13 Feb 2014

What has changed for Scottish sterling currency union?

Professor John Curtice’s question at the Chancellor’s “gloves off” speech on the pound looked like it slightly wrong-footed George Osborne. If you’re telling us this bit of your negotiating stance in a post-yes vote scenario, why not tell us some others too … like whether Scotland would keep the BBC and how the rest of the UK would treat Scotland’s application for separate EU membership? George Osborne said he didn’t want to get into “pre-negotiation” but that’s exactly what he jumped into feet first today.

He won’t lose sleep about that though. Nor will Mr Osborne worry that he’s suddenly gone a lot further than he did as recently as last April. Back then he said of a sterling currency union; “frankly it’s unlikely.” Now he is completely ruling it out. What changed?

Ah, say the Treasury. We didn’t have the Governor of the Bank of England’s advice  – “Dr Mark Carney” to you, the Chancellor emphasised. Well, the Bank of England fed into the original April 2013 Treasury analysis, as you would expect. It concluded back then that “currency union could … place constraints on the efficiency of the fiscal policy lever. and the scope for fiscal stabilisation available to an independent Scottish state.” Not exactly a thunderclap.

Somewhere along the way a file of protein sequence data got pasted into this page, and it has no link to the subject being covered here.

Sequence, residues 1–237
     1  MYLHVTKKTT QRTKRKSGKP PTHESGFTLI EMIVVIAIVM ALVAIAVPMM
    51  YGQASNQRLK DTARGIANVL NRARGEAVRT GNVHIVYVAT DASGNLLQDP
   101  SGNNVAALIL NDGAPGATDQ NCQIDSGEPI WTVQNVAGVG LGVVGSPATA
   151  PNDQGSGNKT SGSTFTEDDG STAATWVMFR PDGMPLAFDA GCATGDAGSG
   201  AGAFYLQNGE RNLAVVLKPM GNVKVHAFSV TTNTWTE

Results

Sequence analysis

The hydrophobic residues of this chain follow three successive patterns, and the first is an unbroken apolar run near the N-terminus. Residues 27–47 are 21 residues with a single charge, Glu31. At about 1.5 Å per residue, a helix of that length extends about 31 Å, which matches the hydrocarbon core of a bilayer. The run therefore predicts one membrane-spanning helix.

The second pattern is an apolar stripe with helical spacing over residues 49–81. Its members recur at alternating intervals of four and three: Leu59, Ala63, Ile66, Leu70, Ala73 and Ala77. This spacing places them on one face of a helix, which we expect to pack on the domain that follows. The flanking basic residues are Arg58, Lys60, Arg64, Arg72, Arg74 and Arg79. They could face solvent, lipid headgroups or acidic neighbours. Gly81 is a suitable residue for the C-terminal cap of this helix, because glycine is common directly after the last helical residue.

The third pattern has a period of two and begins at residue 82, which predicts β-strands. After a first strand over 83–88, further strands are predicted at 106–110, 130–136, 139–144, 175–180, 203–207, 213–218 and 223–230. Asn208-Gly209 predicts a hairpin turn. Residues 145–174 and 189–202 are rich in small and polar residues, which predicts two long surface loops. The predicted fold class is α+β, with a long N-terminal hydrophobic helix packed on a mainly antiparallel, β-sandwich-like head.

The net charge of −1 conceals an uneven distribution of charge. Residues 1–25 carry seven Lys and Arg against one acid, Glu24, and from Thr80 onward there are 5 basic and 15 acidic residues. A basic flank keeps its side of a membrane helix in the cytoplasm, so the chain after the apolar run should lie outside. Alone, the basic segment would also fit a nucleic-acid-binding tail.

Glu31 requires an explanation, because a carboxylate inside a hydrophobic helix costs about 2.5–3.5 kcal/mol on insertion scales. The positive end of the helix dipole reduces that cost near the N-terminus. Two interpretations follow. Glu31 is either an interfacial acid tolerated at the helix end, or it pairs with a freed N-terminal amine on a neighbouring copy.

Shuttle forward 10 months to today’s document and there’s a categorical “HM Treasury would advise the UK government against entering into a currency union.”

Three things have certainly changed. We now have all three main Westminster parties signed up to saying a categorcial “no” to currency union, a consensus which a sceptic might say a civil servant would be wise not to challenge. One other thing that’s changed is the date. We’re nearer the referendum and the temperature is hotting up. You don’t start a campaign for a union of nations by slipping on your knuckle-duster. The third thing? The polling.

The lead for the “No” camp looks like it is, as its senior figures always predicted it would, narrowing. And the Better Together camp know the leads not as formidable now as it needs to be. Drill into the numbers, factor in independence enthusiasts voting in greater numbers than apathetic status quo supporters – differential turnout – and peer into the minds of the waverers and you see a victory for the “Yes” camp is still possible and a healthy 45 per cent or so result for them is far from out of the question. That, the Better Together camp, desperately wants to avoid.

So the gloves have come off. The three main Westminster parties have gone for the kill. Their polling tells them the Achilles heel of the independence cause is the pound in the pocket. They want to convert a worry into a deep fear. The “Yes” camp is saying it’s typical “bullying” by the “Westminster” three-headed hydra. But their whole strategy has been to de-risk independence and this must add some risk.

The “No” campaign has been accused by some of lacking a strategy, of being too reactive. It’s got a strategy now and a pretty ruthless one. The Prime Minister stood in the Olympic velodrome only last week saying “please stay – we love you” (I paraphrase). Today the Chancellor stood in Edinburgh added the PS: ‘if you do go we’ll cut you off without a penny.’

Tweets by @garygibbonblog

13 reader comments

  1. Robert Taggart says:

    What has changed ? – England no longer wants Scotland !

  2. stephen says: